I went cold turkey in 2007, which was a huge mistake.  What I remember most were the 'brain zaps'.  I'd be sitting there and it literally felt like parts of my brain had a static electric charge go off.  I also felt like crap for around 2-3 weeks.
 
2017-11-22 01:30:39 PM  
Have you tried shrooms, subby?

:P
 
2017-11-22 01:37:25 PM  
Your dick's gonna fall off.  If you're a chick, you grow a dick and then it falls off.
 
2017-11-22 01:42:30 PM  
Zoloft has a numbing effect, as others have described. Numb emotions may be a blessing if you've been too raw or stressed or anxious, but staying like that forever isn't ideal either. Numb genitals aren't much fun either.

I tapered off slowly (over about a 6-week span) and even then I had random dizzy spells for a few months. Thankfully they were always very brief and didn't include nausea.
 
2017-11-22 01:49:11 PM  
Has the OP tried Apathy? It's free, with almost no side effects.
 
2017-11-22 01:54:26 PM  
first i was on paxil. not very effective.
now I'm on lexapro, quite effective.
in between i was on zoloft only briefly b/c it made me weep and fear for my stability.
but every SSRI works differently on different people, and i hope this works for you subby.

i, at least, never had a diminution in libido on any of those medications nor do i feel emotionally dulled. i no longer have the paralyzing episodes that left me under the blankets in a fetal position for 36 hours, but that's the result i wanted.
 
2017-11-22 01:58:29 PM  

Roja Herring: The sexual side effects were kind of fun at first but got old after a while.


Go on
 
2017-11-22 02:06:34 PM  
I'm on generic Zoloft (sertraline).  It has helped some and the side effects have been minimal.  The muting of the sexual aspects are the most acute, but now I basically just match my wife instead of being a quick-draw rabbit who wants it 24/7, so we are good there.

My one piece of advice is to take the pill in the morning.  I started at night and it messed with my sleep.  Once I swapped it got better.
 
2017-11-22 02:11:18 PM  

Fallout Zone: I'm on generic Zoloft (sertraline).  It has helped some and the side effects have been minimal.  The muting of the sexual aspects are the most acute, but now I basically just match my wife instead of being a quick-draw rabbit who wants it 24/7, so we are good there.

My one piece of advice is to take the pill in the morning.  I started at night and it messed with my sleep.  Once I swapped it got better.


I should add, I do not have any of the emotional side effects.  I don't feel like my mood is different or muted or anything.  Where I've seen the benefit is in the "anticipatory anxiety", where I am a bit more calm when waiting for stressful events.  If I have something I know is going to trigger my anxiety big time, I'll take a propanolol which slows the heart rate.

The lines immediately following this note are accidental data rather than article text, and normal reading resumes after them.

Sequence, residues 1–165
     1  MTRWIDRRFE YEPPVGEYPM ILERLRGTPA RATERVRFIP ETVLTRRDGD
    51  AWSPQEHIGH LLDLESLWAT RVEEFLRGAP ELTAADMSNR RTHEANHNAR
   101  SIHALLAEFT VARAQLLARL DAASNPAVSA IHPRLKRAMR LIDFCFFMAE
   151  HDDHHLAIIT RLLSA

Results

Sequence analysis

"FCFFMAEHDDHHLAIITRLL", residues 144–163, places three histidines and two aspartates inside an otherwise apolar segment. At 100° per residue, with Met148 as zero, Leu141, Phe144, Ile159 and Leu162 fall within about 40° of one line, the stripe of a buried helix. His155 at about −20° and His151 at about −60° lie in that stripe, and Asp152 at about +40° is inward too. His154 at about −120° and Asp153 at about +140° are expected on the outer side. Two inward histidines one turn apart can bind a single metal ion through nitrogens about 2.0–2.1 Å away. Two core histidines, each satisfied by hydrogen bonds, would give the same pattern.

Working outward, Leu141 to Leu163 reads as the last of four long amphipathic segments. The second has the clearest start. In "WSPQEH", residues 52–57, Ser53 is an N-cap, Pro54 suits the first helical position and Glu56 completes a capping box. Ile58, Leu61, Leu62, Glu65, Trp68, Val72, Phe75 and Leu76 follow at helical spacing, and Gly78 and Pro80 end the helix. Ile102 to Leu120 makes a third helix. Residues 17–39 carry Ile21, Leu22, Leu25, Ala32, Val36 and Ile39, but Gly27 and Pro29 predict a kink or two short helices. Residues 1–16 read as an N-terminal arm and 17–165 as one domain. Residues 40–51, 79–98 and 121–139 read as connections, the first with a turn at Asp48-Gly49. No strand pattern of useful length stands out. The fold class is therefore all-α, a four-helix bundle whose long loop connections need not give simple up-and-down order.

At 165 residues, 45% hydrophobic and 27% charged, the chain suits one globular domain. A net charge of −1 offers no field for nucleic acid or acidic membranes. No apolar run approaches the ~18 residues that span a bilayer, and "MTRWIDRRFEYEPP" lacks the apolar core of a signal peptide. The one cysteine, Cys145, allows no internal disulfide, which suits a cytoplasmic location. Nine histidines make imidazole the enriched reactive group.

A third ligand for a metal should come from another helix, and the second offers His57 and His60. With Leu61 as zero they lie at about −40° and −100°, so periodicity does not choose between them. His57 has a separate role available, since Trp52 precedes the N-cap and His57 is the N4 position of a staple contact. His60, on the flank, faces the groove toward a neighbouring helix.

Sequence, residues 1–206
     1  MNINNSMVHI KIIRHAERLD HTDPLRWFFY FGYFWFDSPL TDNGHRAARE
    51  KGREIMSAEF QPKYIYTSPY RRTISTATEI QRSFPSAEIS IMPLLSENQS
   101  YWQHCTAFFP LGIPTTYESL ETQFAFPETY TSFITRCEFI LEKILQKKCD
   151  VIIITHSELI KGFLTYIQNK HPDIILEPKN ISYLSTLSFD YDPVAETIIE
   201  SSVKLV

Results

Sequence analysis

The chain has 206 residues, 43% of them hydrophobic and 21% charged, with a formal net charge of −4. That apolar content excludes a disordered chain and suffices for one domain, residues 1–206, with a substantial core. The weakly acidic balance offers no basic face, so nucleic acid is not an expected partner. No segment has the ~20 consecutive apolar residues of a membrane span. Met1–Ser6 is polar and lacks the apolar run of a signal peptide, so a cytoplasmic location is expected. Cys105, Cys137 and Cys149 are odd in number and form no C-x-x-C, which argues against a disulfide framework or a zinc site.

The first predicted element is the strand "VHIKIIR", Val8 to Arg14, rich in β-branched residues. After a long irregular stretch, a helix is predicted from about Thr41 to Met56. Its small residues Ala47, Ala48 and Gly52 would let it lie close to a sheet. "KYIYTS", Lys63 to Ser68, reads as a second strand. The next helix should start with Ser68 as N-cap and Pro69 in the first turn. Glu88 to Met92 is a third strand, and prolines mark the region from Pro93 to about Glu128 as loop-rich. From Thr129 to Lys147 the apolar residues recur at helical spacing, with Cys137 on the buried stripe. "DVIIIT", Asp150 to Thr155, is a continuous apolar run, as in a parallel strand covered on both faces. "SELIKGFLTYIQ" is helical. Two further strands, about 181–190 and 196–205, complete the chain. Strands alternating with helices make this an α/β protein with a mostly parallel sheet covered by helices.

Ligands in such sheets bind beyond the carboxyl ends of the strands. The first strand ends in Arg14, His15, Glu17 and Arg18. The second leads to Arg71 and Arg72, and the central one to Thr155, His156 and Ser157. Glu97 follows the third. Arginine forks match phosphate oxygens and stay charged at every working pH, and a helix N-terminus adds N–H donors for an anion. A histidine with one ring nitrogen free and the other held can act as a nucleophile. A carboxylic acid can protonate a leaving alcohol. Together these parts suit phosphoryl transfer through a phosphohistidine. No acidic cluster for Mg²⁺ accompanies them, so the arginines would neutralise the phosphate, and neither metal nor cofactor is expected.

It may matter on whether you are taking it for depression or anxiety.  I don't have a problem with depression, but have a solid case of generalized anxiety.
 
2017-11-22 02:11:53 PM  

Danger Mouse: hooneybayer: I disagree cretinbob, dangermouse; Fark is a great place to get advice, unless you can't tell shiat from shinola, and critically think for yourself (then it's a horrible place to get advice)

because getting advice from a stranger on the internet, rather than in person with a medical professional who is familiar with your personal history is much better.

As someone who has 20 + years in the pharmaceutical industry, specifically in SSRI's I have significant concerns with reuptake inhibitors, including palette dysfunction as well as seizures.  I have a concern if the subject is receiving any MOA inhibitors.  There's  complete foundation that needs to be established and evaluated.  I could offer some significant input for the OP but would we need to have a much better understanding before offering any other advice than "You really should talk to your doctor".


Can you please elaborate? I know someone on ssri meds that snores like a bear. Is it the meds?
 
2017-11-22 02:18:14 PM  

Schlubbe: Danger Mouse: hooneybayer: I disagree cretinbob, dangermouse; Fark is a great place to get advice, unless you can't tell shiat from shinola, and critically think for yourself (then it's a horrible place to get advice)

because getting advice from a stranger on the internet, rather than in person with a medical professional who is familiar with your personal history is much better.